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Soft Spaces, Concrete Connections, Happy Homes: An Early Childhood Success Story

By - Jun 3 2014

Whole Child Intl small

Picture this: you’re a young child. You stand on your tiptoes to reach doorknobs, love playtime, and and are learning how to communicate your wants and needs so that others can also understand them. You spend your early childhood in a room with blank walls and tile floors, and though the grownups that care for you care for you very much, you never see one for very long. You engage with about 50-70 of them before you turn five, dampening the chance of establishing the child-adult connection that is so crucial in those early years of life.

You, though you are so little that many forget this fact, are actually quite critical to the economic future of your country, meaning that spending your earliest years in these circumstances doesn’t threaten only your personal growth, but your nation’s potential for growth, too. Latin America and the Caribbean is the least equitable region in the world, and studies indicate that much of this inequality is determined at birth.  With only 0.3% of GDP invested in early childhood education, there is much work to be done now, while you are still young.

Now, picture this: you’re a young child. You stand on your tip toes to reach doorknobs, love playtime, and though you are developing your abilities to relay your wants and needs, you spend your early childhood in an interesting, home-like space. This space is a happy one, and has soft areas filled with pillows, toys that inspire creativity and cognitive development, and an adult you have come to see as your grownup: as your caregiver whom you grow to care for too. You spend these formative years in an environment fostering strong relationships, preparing you for academic development, and the skills you need to be a productive member of society in the years to come.

What is the difference between these scenarios? That the former is the unfortunate reality of many orphanages across LAC while the latter is an improved one that a partnership between Whole Child International, the Korean Poverty Reduction Fund, and the IDB works to spread in communities the region over.

Operating through low-cost interventions in childcare settings, the program’s underlying mission is a two-pronged one that strives for both sustainability and scalability to new regions and systems of care over time. Though this mission is an ambitious one, a success story in Nicaragua makes it a feasible one, too.

The partnership arrived in Nicaragua to orphanages with committed caregivers. The employees at all five orphanages were seen to truly love the kids they care for, with one woman even adopting some of the disabled youngsters she once worked with.  The environment was ripe for improvement, and success in reaching the target demographic – the children – stood to make for a brighter future for Nicaragua as a whole.

Whole Child International embraced these caregivers, making a marked push for responsive caregiving, continuous primary care, small groups, individuality and identity, and academic development for each child. They stressed the essentials of a productive and healthy early childhood, encouraging practices as simple as adding natural colors and pillows to a room, as personal as creating individual scrapbooks, and as complex as nurturing socialization, academic growth, and feelings of individuality, pride, and ownership.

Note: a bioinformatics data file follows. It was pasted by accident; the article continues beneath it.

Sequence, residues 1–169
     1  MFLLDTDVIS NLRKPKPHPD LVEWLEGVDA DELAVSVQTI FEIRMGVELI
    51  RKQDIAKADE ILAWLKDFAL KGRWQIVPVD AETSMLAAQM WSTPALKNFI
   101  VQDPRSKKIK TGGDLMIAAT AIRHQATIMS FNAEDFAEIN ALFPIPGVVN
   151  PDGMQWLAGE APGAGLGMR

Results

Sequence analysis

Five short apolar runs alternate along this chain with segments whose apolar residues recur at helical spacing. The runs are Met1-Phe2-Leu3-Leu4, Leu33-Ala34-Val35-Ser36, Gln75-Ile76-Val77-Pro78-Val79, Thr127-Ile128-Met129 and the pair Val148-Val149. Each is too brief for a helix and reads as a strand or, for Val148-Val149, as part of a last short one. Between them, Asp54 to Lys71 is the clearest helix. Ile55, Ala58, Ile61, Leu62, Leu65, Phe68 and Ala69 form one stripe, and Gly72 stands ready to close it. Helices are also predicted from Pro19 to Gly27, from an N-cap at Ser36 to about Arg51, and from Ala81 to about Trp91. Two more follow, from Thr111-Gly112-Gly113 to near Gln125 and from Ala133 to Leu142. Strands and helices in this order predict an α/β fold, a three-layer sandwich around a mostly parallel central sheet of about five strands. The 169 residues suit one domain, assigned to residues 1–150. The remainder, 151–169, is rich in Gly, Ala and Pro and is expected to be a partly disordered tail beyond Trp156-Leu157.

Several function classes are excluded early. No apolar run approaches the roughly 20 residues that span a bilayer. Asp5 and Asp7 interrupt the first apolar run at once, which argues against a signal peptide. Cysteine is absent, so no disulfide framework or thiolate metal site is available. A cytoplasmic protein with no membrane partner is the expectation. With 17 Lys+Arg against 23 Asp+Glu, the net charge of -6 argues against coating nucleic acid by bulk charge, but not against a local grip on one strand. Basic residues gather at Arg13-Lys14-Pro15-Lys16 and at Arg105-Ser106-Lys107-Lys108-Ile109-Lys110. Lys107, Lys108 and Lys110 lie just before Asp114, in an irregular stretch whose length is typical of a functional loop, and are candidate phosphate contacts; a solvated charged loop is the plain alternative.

Whole Child also targeted the lack of education that perpetuated low-quality care countrywide. Working with government officials, administrators, psychologists and more, the partnership worked to change the understanding of childcare at a national level, bringing new knowledge and stressing the importance of implementing evidenced based best practices practices to policymakers and academics alike.

The result? Nothing short of success. Participating children improved their critical test scores by an average of 30 percent in just 17 months, while height and weight increased on average by 46 percent and 34 percent respectively in the same timeframe without any change to nutrition. Though the future impact on Nicaragua’s overall growth can’t yet be quantified, the increased potential of these children is sure to be felt in the communities where they will one day be integrated as businesspeople, consumers, parents, leaders, academics, and more.

Motivated and further prepared by the success encountered in Nicaragua, Whole Child International in partnerships with the El Salvadorian government and national universities will take El Salvador’s orphanages and state run child care centers by storm in the four and a half years to come. Determined to change mentalities in, build capacity in, and leave target countries within five years of arrival, we look forward to the next set of results and the next host of lives changed by these efforts. Stay tuned.

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One Response to “Soft Spaces, Concrete Connections, Happy Homes: An Early Childhood Success Story”

  • Lindsey :

    Whole Child promotes best practices, and yet isn’t it clear that institutionalizing young children is one of the worst things that can be done for their development? Improving the quality of care in orphanages is a good goal, and yet I find it incredible that there is no mention in this article (or, as far as I could find, on the organization’s website) that most of these children have parents who could care for them with the proper supports. What is the cost of running an orphanage vs. addressing root causes of child abandonment like lack of housing? If you just focus on the orphanages and ignore these children’s families and communities, this distorts the goal of social justice.

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